Saturday, 20 October 2018

All stitched up with De Witte Engel!

Hi Everyone

Wow! I can't believe this is only my second post of the year. Not long now until Christmas - where has 2018 gone?...

Unfortunately, this year has been rather sparse on the crafting front due to a bulging disc in my neck which was a result of the torn rotator cuff I suffered before that - getting old can be a real pain! I've been experiencing some serious crafting withdrawals due to this and so have had to keep myself distracted with family etc. instead, so I must apologise for being awol.

However, I have been slowly easing myself back into crafting lately with a spot of sewing in preparation for tomorrow's Hochanda TV show at 4pm when I will be introducing De Witte Engel's delightful Santa doll kit to everyone along with some great needle felting kits - I can't wait!



Santa is such a cute doll! (Please note that the bag is not included in the kit - I managed to make it using some of the Nicky velvet I had left over and some white pre-felt I had knocking about the studio.)

As with most of De Witte Engel doll kits you can use a sewing machine for parts of the construction (provided you use the correct needle so that you don't ladder the doll jersey). That said you don't have to. I have hand-sewn all the De Witte Engel dolls I've made so far including Santa and Semmie. 

To do this yourself all you need to know is how to do back-stitch and blanket stitch, both of which are easy and simple to do. For anyone who doesn't know how to do either of these you can google them and find several videos on YouTube or alternatively scroll down and you will see for yourself just how easy they are...


Back Stitch



It's always a good idea to 'bury' the end of your thread so insert your needle elsewhere and come up one stitch into your line of back stitches. 

(If you leave a short tail of thread hanging out, you can hang onto it whilst you make your first couple of stitches and then trim the excess to hide the end in your work.)



Make your first stitch by inserting your needle at the beginning of your line of stitches ie away from the direction your line of stitches are going or backwards.



Bring the needle back up at the same place where you started and make another stitch over the top to secure the thread.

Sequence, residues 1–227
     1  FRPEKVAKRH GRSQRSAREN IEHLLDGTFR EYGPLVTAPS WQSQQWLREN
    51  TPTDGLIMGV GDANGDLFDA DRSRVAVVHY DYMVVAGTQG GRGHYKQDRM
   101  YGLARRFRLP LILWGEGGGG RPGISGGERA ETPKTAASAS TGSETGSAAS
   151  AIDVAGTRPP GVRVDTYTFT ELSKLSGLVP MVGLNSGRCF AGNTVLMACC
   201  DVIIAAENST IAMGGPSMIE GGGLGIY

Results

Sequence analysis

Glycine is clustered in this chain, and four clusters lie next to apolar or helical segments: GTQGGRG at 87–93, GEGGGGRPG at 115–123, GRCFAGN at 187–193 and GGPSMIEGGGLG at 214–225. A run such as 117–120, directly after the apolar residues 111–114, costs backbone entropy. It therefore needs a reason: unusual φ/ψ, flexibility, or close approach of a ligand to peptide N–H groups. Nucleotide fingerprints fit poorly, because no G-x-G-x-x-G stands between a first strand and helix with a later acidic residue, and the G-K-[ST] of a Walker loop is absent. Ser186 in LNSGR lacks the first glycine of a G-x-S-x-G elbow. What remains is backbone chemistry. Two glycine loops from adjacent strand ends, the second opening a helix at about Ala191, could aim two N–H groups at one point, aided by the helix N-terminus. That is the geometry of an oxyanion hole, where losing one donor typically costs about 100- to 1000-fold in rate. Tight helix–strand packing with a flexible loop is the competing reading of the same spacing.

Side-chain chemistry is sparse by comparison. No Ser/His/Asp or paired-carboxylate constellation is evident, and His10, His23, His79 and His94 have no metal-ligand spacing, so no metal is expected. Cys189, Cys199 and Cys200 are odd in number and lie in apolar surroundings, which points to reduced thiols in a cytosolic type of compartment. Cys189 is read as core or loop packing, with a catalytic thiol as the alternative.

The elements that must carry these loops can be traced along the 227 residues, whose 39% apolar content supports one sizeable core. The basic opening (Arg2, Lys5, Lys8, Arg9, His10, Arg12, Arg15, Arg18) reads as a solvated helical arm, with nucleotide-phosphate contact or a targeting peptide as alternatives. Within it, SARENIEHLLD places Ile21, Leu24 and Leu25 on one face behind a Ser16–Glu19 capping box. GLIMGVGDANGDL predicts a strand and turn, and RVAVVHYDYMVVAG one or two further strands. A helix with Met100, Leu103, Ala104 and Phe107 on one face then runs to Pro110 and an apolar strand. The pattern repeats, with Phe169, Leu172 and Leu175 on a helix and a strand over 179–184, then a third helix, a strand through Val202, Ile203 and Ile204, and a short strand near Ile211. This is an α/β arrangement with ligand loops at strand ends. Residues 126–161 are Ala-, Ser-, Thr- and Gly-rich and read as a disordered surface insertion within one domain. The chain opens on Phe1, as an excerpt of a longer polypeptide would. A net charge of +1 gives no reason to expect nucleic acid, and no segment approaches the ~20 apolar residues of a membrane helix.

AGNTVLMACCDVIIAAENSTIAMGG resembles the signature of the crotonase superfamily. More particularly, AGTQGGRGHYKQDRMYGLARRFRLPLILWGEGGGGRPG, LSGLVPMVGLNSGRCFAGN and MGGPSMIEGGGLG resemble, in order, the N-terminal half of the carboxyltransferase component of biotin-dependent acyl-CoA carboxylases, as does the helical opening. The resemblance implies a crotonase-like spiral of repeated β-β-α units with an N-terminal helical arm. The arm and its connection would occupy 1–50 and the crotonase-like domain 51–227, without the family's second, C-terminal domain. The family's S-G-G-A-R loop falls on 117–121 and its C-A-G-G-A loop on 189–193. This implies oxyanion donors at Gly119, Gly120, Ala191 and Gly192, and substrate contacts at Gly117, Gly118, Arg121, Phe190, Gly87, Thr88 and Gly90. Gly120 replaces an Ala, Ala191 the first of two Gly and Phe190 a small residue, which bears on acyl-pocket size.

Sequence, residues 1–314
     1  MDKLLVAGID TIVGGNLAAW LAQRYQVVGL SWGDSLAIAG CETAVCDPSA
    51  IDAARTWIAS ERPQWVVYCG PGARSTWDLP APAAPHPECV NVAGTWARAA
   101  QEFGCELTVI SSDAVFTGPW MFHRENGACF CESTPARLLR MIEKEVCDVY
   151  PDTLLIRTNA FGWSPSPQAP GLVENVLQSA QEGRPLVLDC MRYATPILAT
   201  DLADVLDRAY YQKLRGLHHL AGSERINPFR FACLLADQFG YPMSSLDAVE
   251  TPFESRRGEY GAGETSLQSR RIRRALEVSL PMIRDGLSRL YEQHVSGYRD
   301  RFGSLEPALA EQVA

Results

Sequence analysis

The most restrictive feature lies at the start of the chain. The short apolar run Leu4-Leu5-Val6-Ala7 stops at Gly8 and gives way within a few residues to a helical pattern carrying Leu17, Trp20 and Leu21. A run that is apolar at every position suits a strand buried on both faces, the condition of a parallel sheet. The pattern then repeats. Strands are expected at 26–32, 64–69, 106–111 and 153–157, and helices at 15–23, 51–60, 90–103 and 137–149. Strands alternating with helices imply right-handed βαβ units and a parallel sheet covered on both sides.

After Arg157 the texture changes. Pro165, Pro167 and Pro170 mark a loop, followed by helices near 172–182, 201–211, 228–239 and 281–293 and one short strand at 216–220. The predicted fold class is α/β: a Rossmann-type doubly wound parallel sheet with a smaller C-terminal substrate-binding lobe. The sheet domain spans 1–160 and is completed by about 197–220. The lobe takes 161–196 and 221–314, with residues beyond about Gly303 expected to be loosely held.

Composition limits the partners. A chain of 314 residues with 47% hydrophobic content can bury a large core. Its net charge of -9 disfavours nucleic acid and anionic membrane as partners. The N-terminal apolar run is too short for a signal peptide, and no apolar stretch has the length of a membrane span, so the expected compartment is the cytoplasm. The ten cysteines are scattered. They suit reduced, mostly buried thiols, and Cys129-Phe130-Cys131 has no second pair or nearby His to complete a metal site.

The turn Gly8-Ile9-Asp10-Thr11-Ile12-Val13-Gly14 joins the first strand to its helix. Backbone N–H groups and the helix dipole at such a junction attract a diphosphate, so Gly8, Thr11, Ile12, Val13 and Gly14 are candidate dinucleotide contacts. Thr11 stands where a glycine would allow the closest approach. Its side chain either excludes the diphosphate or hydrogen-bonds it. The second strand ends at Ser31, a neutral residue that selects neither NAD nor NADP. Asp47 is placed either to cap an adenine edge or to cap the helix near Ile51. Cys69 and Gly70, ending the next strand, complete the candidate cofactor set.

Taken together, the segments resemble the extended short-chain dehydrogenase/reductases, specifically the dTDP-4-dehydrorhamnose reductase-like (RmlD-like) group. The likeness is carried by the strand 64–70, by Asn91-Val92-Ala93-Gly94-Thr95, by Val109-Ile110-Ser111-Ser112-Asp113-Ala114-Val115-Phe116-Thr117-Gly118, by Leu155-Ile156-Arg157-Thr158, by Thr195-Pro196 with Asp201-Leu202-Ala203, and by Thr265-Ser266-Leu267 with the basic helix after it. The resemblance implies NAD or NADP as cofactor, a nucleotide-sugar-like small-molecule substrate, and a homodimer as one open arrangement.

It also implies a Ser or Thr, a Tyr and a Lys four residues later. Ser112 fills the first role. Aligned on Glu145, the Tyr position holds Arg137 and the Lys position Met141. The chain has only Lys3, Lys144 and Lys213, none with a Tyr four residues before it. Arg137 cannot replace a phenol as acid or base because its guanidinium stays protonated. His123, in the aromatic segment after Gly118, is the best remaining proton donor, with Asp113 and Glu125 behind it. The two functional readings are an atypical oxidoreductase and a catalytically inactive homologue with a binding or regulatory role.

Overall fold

This time bring the needle up one stitch further along the line of stitching.



Now take the needle back down at the end of the previous stitch.



Bring the needle up one stitch length further on in preparation of making the next back stitch.



Take the needle back down at the end of the previous stitch thus making a third stitch. 

Continue in this fashion always bringing the needle up at the end of the next stitch and taking it back down at the end of the previous stitch ie working a line of continuous stitches backwards as opposed to forwards as in a running stitch.



You should end up with a line of continuous neat stitches on one side and a line of overlapping longer stitches on the reverse. 


Blanket Stitch



Tie a knot in the end of your thread and bury it between your two layers of fabric. (Alternatively you can just overstitch a couple of stitches to secure your thread end).



Line up the edges of your two fabrics and insert the needle precisely above where you started.



Pass the needle through the loop created by your thread and pull tight.



Take the needle back down a little way away from the first stitch. Make sure that the needle passes in front of the thread from the first stitch. 

Ideally the second stitch should be equidistant from the start of the first stitch and the edge of the fabrics (forming an imaginary square).



As you pull the thread tight you should find that a loop has been created around it from the first stitch.



Start the next stitch in the same way, the same distance from the second stitch and the edge, as before, making sure that the needle passes in front of the thread from the previous stitch.



Continue in this vein until you reach the end of your fabric. You should end up with a line of neat stitches with a thread decoratively running along the edge of your fabric.



To finish, pass the needle between the two fabrics and the last two stitches.



Before pulling the thread tight pass the needle through the loop created by the thread to create a knot. Then pull tight before burying the end between the two fabrics, trimming the excess as needed.

As you can see neither stitch is difficult to do which makes creating De Witte Engel dolls a lot of fun for anyone who fancies having a go!

Happy Crafting!





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